Why Does Frost Not Form on a Vehicle under a Carport?

carport frostIf you live in an area that experiences cold winters and park outside, you probably often go out in the morning and find your car covered with frost. If you don’t like the chore of cleaning your car in the morning before heading out for the day, the best way to protect it is to park it in a garage. If that is not an option, a carport is a good alternative. Even though it is open on the sides, a carport can keep your car free of frost.

Warm objects, such as vehicles, radiate heat. The warmer an object is, the more heat it loses. The ground loses heat on a cold night very quickly. Once the ground gets below the frost point of the air, water in the air condenses onto it and forms frost. This continues until all the water in the air condenses.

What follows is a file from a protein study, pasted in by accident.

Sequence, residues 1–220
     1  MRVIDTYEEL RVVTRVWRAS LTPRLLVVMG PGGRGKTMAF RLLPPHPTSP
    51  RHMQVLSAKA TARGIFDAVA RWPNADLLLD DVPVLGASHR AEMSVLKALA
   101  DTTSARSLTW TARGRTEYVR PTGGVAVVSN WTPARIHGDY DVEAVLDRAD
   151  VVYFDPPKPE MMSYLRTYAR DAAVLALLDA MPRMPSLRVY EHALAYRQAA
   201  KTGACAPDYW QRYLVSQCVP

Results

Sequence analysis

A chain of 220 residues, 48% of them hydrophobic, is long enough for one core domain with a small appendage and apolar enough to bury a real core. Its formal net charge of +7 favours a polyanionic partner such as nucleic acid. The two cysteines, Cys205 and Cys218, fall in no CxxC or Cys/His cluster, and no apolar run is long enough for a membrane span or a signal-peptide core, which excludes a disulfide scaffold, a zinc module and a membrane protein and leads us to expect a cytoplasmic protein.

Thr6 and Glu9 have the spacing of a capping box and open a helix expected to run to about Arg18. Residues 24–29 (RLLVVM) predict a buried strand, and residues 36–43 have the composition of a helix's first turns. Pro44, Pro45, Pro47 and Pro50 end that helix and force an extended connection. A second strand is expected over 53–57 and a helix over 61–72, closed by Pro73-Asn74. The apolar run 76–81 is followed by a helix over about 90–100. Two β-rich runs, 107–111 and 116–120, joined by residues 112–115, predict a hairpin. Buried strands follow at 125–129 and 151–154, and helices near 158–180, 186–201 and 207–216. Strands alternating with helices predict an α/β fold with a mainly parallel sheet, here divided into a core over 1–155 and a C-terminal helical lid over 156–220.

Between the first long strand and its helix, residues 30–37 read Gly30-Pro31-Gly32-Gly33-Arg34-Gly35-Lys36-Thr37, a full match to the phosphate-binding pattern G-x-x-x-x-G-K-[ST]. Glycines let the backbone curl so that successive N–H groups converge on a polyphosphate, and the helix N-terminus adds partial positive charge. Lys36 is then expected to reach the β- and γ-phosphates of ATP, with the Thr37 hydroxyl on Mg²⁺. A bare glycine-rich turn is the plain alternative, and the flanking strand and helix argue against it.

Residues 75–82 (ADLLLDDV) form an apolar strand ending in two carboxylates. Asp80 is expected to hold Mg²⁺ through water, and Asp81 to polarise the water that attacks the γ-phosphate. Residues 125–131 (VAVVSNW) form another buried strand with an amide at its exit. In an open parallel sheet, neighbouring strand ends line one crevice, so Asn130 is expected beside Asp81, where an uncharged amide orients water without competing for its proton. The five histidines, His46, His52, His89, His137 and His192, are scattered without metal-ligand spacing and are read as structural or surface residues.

A carport reduces the rate at which the ground and a vehicle lose heat that they have generated or stored from the sun during the day. The top of a carport cools down at night, but it is still warmer than the sky, so the roof continues to radiate heat down into the carport and toward the ground. This increases the temperature under the carport and keeps it slightly warmer than other areas outside it. When the night turns cold, moisture in the air will condense and frost will form on the outside of the carport, but not under it on a vehicle.

A carport also creates a physical barrier that prevents moisture from condensing on the vehicle, even though the exterior of the vehicle is cold. This causes water in the atmosphere to condense on the outside of the carport on a clear night.

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